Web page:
Anne Gulick's Literature, Law, and Rhetorical Performance in the Anticolonial Atlantic offers an original and valuable framework for understanding the political investments and impacts of anticolonial discourses. Her research belongs to a larger movement within postcolonial studies to supplement poststructuralist attention to language with a materialist concern for the specific historical interventions these texts sought to make. In particular, Gulick's book engages with the contemporary human rights regime, building on work such as Joseph Slaughter's Human Rights, Inc., Elizabeth Anker's Fictions of Dignity, and Angela Naimou's Salvage Work. Gulick thus shows how postcolonial literature and theorizing are influenced by and critique international juridico-political structures.
Literature, Law, and Rhetorical Performance in the Anticolonial Atlantic seeks to trace "a long history of fierce, creative, and distinctly literary responses to a North Atlantic legal imagination in the work of anticolonial African and Caribbean writers" (1). What Gulick finds is significant overlap between these literary and legal interventions: the work she examines is characterized by experimentation as writers and thinkers seek to imagine alternative forms of political belonging and authority to those constructed by an international order defined by imperialism. The book attends carefully to genre not only in the sense of fiction and poetry, but in terms of the distinct notions of authorship and citizenship performed by declarations, manifestoes, and constitutions.
Reading literature and legal discourse together makes possible sharp insight into foundational political texts as not just rhetorical but more accurately literary performances. Gulick therefore demonstrates just how important language and the literary are to understanding politics and law. This methodology enables the book to interrogate the conceptions of authority and audience assumed in postcolonial founding documents that include the Haitian constitution of 1805 (whose "we" and its "people" are bound together by the common experience of revolution), the South African Freedom Charter (which seeks to redefine authorship as collective), and Kenya's 1963 constitution (which positions its authors as a technocratic elite). [End Page 265]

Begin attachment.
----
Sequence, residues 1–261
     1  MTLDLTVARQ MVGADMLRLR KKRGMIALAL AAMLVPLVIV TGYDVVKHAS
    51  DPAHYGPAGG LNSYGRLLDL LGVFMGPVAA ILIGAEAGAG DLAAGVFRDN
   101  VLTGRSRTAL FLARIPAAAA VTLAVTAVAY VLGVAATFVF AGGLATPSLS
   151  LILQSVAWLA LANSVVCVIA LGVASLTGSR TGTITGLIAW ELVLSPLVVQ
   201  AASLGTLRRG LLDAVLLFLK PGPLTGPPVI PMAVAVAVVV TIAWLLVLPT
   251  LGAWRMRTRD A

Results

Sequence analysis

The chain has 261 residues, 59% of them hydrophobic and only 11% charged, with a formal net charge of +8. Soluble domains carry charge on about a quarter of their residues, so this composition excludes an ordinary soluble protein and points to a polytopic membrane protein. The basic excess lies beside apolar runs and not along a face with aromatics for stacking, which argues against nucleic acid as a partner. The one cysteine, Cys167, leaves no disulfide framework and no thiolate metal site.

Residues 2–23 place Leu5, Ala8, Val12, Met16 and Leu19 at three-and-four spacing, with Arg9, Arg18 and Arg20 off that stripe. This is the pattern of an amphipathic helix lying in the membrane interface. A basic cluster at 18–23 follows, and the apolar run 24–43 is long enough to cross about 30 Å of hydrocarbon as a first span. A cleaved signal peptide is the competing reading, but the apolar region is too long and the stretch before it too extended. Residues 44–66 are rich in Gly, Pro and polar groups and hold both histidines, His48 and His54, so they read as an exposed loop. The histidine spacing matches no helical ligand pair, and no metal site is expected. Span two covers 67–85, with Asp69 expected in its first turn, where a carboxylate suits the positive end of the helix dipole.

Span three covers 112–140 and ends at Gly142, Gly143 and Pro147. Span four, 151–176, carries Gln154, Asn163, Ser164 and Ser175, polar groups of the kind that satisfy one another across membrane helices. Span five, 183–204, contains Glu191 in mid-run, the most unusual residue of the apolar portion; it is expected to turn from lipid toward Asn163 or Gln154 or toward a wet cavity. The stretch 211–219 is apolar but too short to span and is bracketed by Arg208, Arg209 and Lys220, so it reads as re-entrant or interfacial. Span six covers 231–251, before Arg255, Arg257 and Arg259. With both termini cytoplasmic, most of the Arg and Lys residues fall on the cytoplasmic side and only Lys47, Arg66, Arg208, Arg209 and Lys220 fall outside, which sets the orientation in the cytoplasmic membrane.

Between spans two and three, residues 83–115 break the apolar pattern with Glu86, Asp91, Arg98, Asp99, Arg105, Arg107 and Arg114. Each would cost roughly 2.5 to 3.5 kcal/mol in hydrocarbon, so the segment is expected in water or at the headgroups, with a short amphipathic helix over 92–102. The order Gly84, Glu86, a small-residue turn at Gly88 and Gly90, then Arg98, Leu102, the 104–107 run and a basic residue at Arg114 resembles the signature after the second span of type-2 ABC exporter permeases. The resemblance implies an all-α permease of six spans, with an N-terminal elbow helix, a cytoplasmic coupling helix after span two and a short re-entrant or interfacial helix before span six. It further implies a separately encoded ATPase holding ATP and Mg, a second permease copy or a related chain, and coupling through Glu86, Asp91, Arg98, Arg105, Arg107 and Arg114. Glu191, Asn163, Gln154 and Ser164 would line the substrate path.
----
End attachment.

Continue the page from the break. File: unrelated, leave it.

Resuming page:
Gulick's approach also provides an opportunity for rereading influential works of postcolonialism, such as Aimé Césaire's Notebook of a Return to My Native Land or Ngũgũ wa Thiong'o's A Grain of Wheat, to demonstrate the modernist stylistics these anticolonial writers shared with postcolonial constitution writers or drafters of the United Nations Universal Declaration of Human Rights. Gulick's analysis of C. L. R. James's The Black Jacobins as arguing for Toussaint Louverture as a major political theorist of revolution in the tradition of Paine, Jefferson, Marx, and Engels is typically perceptive and makes a strong case for James's own contribution to the less reductive human rights discourse Gulick pushes us to imagine.
Gulick revisits these earlier texts to argue "for the centrality of anticolonial critique to postcolonial studies" because "our postcolonial present calls for more engagement with the anticolonial past, not less" (6). Rather than dismissing early African constitutions, for example, as failures, understanding the problems they sought to address and the creative solutions they offered can help us imagine new forms of engaging with our seemingly congealed postcolonial present. Similarly, writers like Edouard Glissant and Ng g need not be seen as abandoning anticolonial commitments, but as adapting these concerns to the contemporary moment through "appropriat[ing] and manipulat[ing] the rhetoric of human rights" (218). Through these readings and arguments, Literature, Law, and Rhetorical Performance in the Anticolonial Atlantic shows the continued relevance of the literary analysis of anticolonialism.